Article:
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Gastro-oesophageal reflux and pregnancy: various treatment options

Non-drug measures can often make the symptoms of gastro-oesophageal reflux during pregnancy acceptable to patients. The reference drugs are the same both during and outside pregnancy.

Gastro-oesophageal reflux is when the acid from the stomach rises up the oesophagus into the mouth, causing heartburn. It occurs after meals, when leaning forward, or sometimes when lying down. Very frequent in pregnant women, the symptoms begin in the first trimester and become more intense as the pregnancy progresses. Complications are rare and reflux generally stops after birth.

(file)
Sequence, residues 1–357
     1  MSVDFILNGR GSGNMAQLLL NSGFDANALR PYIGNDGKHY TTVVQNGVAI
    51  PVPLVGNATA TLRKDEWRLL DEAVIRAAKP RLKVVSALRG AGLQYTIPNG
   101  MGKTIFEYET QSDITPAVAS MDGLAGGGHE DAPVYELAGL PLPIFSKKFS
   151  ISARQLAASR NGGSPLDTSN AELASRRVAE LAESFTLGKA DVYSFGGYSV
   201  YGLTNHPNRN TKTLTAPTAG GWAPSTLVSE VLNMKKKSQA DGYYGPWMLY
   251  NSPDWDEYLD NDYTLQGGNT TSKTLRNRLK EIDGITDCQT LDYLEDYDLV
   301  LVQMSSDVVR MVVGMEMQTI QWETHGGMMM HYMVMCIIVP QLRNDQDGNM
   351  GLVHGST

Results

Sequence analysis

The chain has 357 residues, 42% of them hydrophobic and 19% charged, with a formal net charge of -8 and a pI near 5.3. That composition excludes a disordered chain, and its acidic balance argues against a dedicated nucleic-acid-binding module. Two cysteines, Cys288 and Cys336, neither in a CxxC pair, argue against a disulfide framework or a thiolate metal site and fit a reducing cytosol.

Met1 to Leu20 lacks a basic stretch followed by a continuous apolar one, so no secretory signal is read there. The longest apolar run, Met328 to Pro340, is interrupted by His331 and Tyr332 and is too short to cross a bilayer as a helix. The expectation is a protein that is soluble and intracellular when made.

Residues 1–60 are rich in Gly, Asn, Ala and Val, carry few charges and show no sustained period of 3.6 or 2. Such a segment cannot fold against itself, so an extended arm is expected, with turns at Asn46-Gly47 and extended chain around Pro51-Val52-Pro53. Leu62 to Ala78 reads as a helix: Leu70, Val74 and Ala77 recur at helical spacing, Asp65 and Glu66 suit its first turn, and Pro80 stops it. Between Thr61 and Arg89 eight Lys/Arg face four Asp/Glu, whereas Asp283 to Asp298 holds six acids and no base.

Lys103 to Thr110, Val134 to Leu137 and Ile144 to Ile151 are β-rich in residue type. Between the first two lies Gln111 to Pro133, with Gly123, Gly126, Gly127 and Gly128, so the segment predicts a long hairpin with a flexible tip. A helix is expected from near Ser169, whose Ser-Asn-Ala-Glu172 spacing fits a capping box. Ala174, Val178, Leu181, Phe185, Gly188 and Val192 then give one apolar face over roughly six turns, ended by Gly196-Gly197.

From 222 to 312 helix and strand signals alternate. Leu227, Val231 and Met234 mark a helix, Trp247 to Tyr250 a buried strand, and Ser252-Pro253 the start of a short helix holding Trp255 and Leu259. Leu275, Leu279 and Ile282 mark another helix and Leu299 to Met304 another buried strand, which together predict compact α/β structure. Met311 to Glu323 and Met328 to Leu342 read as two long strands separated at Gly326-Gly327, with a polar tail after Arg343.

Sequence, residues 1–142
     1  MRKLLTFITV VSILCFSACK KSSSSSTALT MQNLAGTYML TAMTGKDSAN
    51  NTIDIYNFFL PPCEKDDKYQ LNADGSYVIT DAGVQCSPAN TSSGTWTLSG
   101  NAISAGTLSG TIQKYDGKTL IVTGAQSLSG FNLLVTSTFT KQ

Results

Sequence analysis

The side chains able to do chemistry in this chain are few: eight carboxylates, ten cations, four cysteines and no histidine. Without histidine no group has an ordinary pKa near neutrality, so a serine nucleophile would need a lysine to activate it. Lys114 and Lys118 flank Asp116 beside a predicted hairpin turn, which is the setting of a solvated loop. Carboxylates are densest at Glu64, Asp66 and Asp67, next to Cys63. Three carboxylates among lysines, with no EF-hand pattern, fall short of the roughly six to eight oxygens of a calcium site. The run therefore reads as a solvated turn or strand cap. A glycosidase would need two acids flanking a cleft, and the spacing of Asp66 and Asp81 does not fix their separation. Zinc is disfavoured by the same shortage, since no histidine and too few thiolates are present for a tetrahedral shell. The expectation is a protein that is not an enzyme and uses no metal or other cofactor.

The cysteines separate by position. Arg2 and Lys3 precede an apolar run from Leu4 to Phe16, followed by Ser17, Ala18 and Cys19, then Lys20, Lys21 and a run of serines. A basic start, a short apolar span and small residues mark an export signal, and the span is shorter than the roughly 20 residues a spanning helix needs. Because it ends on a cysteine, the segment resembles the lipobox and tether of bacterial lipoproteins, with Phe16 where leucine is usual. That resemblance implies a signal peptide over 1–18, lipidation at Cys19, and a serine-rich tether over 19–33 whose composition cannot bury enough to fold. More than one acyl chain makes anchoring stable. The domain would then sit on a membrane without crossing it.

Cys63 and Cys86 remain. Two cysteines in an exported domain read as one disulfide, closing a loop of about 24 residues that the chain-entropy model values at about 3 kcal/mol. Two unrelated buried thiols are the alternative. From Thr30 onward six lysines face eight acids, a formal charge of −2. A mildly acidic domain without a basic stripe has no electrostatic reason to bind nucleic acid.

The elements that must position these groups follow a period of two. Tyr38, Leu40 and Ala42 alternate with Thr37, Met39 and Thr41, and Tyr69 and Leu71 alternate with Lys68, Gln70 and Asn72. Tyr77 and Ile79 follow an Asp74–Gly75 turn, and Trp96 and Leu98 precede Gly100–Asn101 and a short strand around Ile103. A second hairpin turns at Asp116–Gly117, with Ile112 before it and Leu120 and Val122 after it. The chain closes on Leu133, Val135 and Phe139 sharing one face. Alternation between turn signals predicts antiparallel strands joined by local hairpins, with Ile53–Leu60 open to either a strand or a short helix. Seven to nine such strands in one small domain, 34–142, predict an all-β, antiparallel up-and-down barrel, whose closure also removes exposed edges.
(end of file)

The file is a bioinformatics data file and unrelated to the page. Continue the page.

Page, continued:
In cases of enduring, troublesome gastro-oesophageal reflux without complications, non-drug measures should be tried first: avoid copious meals rich in fatty foods, acidic or spicy foods, alcohol, coffee, smoking, physical effort or lying down after a meal, leaning forward, stress, tight clothing. It sometimes helps to lose weight and to raise the head of the bed by 10 to 15 cm.

When these measures are not sufficient, the first-line treatment is a moderate dose of an antacid taken over a short period. A proton-pump inhibitor such as omeprazole, or an H2 receptor antagonist such as ranitidine, is used in the case of troublesome symptoms or of oesophagitis. Studies linked to the use of omeprazole in pregnant women do not show any particular risk of fetal toxicity. The evidence regarding ranitidine is much less robust, but does not show any particular risk either.

Cimetidine and domperidone should be ruled out because they expose the mother, the fetus or the newborn to severe adverse effects.

©Prescrire 1 December 2015

"Gastro-oesophageal reflux during pregnancy" Prescrire Int 2015; 24 (166): 296-299. (Pdf, subscribers only).

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